Health

4-Inch Centipede Removed From Teen's Ear (Photos)

| by Jared Keever

Waking up in pain is always an unpleasant surprise, but for one Arkansas teen who woke up Tuesday morning with pain in one of his ears, it wasn’t the only surprise. And it wasn’t the most unpleasant. 

Grant Botti, 14, of Saline County, pulled a 4-inch centipede from his ear after waking up with pain, KATV News reports.

His mother, Angela Botti, reportedly scooped up the still living critter, deposited it in a plastic bag, and took her son to nearby Saline Memorial Hospital because he was still experiencing pain. 

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An emergency room doctor examined the teen’s ear and found small abrasions on his ear drum. Grant was treated and released.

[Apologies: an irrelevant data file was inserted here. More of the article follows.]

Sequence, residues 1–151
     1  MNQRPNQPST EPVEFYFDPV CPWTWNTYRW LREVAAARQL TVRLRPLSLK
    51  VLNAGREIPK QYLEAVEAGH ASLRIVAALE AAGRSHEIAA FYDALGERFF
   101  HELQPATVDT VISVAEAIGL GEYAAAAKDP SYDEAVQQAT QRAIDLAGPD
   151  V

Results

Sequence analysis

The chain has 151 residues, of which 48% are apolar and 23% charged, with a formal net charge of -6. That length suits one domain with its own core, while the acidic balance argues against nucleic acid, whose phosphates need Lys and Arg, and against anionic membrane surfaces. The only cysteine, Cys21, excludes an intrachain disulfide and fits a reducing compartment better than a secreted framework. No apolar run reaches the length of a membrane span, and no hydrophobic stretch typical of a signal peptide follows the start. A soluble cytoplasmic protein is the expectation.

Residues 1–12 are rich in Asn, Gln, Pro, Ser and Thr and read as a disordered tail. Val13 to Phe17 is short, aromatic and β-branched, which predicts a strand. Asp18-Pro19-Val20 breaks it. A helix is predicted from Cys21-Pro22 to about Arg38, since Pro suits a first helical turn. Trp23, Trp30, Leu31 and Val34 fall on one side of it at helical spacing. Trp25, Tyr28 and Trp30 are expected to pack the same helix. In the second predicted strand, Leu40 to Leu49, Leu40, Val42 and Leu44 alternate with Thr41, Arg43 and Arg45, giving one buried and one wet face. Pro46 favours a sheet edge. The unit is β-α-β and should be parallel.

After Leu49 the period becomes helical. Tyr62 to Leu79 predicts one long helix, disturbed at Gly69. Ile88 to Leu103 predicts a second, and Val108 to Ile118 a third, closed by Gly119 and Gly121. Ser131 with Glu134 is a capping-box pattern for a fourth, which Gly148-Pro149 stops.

Staff at the hospital said they often see emergency room patients come in with various foreign objects in their ears, but they had never seen a centipede before. 

The teen’s mom said she had no idea where the centipede came from, but noted Grant had been outdoors swimming recently. 

Luckily, a bug crawling into a human ear is not all that common of an occurrence. But it happens enough that the Mayo Clinic website includes guidelines for how to deal with the situation.

First, the website notes, no one should probe for any foreign object in the human ear with a tool like a cotton swab or a matchstick. Doing so could push the object deeper. 

For insects, the Mayo Clinic recommends having the person lie down on his or her side with the affected ear up. One can then attempt to “float” the insect out of the ear by pouring in warm — but not hot — mineral oil, baby oil or olive oil into the ear, the website says. 

The oil method should only be used in the case of a bug in the ear as any other other foreign object might absorb the oil and swell up, according to the U.S. National Library of Medicine.

Sources: KATV News, Mayo Clinic, U.S. National Library of Medicine: Medline Plus

Photo Credit: KATV News, Travis Isaacs/Flickr